Tuesday, December 30, 2008

Ayi = marriage saver

Clean all this myself? No thanks...

One thing I came to appreciate when I was home is our ayi. Even though housekeeping services has become more popular lately in Sweden (mainly because it is a tax-deductible expense for Swedish households since a few years back), most people still do their housework themselves. One day, I was having coffee with a friend of mine who had obviously had enough of washing her boyfriend's dirty underwear. In fact, she was so sick of doing most of the house cores, that she was considering leaving him.

-How do you get your boyfriend to do the dishes?! She asked, in between explaining how much she loathed to clean the toilet and doing the laundry. I have tried and tried but it is as if he doesn't hear me?!

-Ehum... well. I don't have to tell him. Our ayi does them... I said, feeling 100% bad.

-Your what? What's an ayi?

-Ehhh... cleaning lady.

-You have a cleaning lady?! There was an accusing tone in her voice.

-Yeah, ehum, sort of. Although she doesn't do much, I lied. Or, well. She does. But, it's like... we still clean at times ourselves too! (Another lie. I have to stop).

My friend looked something between jealous and disgusted.

-Well, you should bring that ayi of yours with you whenever you decide move home. She might be able to save a marriage or two over here.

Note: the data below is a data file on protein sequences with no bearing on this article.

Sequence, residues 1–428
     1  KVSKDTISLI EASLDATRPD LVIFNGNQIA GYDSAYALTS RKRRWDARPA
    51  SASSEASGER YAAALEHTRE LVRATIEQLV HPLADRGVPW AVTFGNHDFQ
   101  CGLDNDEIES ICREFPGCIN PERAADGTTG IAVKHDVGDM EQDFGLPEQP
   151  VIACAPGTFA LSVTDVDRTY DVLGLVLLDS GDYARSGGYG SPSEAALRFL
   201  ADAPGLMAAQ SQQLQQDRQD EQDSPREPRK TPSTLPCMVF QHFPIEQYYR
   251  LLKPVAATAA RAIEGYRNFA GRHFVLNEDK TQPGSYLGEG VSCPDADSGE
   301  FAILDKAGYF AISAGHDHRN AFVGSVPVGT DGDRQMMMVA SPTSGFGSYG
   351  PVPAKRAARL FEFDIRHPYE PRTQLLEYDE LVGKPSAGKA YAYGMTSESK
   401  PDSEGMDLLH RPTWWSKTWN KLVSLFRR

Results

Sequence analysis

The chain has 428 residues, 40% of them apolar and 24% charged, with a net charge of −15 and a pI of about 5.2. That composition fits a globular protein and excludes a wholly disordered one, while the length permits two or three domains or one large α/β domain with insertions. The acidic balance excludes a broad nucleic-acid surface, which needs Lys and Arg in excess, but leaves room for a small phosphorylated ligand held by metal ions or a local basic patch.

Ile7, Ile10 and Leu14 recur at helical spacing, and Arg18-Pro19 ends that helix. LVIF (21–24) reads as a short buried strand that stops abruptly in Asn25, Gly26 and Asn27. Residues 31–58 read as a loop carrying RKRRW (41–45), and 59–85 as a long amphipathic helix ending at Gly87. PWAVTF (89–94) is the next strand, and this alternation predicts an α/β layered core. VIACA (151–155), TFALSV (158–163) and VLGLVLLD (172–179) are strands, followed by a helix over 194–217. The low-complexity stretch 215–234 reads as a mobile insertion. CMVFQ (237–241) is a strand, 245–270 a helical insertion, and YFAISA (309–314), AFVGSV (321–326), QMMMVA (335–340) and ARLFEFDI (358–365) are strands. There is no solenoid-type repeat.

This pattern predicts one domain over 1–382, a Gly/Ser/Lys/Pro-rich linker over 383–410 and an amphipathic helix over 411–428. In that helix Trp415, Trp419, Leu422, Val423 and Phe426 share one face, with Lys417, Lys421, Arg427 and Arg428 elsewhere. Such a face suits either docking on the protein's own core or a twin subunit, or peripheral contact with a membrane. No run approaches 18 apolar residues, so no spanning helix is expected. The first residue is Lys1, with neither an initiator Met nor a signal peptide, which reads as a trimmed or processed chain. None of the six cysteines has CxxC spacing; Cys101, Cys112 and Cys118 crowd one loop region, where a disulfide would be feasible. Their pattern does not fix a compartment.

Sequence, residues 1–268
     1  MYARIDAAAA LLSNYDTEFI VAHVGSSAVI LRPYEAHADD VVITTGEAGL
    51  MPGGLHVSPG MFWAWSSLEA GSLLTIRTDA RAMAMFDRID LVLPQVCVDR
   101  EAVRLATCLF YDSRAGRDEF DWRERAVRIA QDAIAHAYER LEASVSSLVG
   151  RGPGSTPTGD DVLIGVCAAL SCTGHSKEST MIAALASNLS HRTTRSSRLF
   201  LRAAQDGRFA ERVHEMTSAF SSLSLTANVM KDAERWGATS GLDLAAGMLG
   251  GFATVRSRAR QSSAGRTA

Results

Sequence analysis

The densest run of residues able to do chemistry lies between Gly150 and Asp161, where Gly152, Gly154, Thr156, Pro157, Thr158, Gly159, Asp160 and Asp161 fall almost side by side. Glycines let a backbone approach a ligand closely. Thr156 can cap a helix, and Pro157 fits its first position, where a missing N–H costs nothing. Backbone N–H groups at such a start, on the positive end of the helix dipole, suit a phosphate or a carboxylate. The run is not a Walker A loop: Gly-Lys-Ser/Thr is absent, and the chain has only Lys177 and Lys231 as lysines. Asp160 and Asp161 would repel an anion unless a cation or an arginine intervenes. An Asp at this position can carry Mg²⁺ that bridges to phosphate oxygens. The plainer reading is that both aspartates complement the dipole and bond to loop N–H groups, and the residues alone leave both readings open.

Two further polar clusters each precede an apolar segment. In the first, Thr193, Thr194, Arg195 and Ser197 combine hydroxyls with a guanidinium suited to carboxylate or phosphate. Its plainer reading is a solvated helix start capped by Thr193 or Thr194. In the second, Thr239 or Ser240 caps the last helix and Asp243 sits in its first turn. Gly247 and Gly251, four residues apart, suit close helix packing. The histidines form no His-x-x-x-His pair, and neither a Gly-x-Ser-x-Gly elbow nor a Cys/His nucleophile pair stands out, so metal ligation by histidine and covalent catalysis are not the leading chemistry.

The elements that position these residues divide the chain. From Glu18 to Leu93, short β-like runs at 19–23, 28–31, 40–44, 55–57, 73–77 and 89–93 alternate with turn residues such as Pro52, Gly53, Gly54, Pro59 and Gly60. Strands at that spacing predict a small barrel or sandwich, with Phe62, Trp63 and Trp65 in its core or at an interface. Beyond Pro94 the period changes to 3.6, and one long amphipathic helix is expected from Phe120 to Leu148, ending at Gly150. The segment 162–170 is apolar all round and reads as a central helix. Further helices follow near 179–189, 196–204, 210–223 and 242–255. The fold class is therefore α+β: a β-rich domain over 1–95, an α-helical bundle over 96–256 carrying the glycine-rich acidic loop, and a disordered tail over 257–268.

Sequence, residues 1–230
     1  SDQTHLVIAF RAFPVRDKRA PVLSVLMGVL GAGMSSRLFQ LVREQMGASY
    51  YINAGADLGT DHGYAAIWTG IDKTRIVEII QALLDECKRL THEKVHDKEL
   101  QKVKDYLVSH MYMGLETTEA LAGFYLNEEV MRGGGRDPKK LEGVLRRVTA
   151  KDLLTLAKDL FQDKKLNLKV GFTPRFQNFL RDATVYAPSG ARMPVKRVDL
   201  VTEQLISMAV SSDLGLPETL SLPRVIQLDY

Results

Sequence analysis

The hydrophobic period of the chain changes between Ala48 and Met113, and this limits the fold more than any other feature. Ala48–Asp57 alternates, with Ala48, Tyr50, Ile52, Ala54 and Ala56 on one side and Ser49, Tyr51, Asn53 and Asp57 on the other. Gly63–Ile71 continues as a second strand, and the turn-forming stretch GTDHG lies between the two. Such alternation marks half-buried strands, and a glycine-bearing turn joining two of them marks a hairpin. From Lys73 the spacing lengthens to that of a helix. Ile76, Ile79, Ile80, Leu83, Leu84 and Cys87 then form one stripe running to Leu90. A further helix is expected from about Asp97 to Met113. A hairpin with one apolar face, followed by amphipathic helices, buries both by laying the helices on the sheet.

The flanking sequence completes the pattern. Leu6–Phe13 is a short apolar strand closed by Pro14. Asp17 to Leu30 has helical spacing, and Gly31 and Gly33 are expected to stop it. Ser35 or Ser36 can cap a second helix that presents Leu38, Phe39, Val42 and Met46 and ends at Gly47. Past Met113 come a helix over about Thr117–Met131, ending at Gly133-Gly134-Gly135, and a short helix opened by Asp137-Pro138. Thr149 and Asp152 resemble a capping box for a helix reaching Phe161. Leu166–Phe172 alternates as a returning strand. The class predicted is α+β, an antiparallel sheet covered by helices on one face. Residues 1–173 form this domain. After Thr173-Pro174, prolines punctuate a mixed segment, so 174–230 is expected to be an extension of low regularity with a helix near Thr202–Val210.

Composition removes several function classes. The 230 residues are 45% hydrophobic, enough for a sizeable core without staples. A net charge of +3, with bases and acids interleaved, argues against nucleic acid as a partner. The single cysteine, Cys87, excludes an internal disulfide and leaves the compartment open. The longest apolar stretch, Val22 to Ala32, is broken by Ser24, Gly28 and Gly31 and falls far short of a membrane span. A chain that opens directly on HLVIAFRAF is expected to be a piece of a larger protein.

And actually... I am quite sure she would. Just the thought of fighting over whose turn it is to do the dishes makes me tired. Gosh, we are spoiled over here.


Anonymous said...

You will probably need another Ayi when you have a baby. Can be very helpful.

Anonymous said...

Interesting. My dictionaries indicate 阿姨 A1Yi2 is a live in relative like an Aunt or around the clock care like a nurse. None of the definitions said maid till I checked online. At first I thought you were using a Swedish term.


Jonna Wibelius said...

Well yes, dictionaries don't translate 'ayi' as a cleaning lady but as an aunt. In the old days, children used to call any older lady 'ayi', and I believe in some cities this is still the case (just like I was called 'gu niang' when I was in Dalian). But in today's modern China the woman that comes and cleans/cooks for you is also called an ayi. I suppose it has to do with the fact that it used to be the 'aunt' who did it, and then if it wasn't an aunt, the lady would still be called ayi.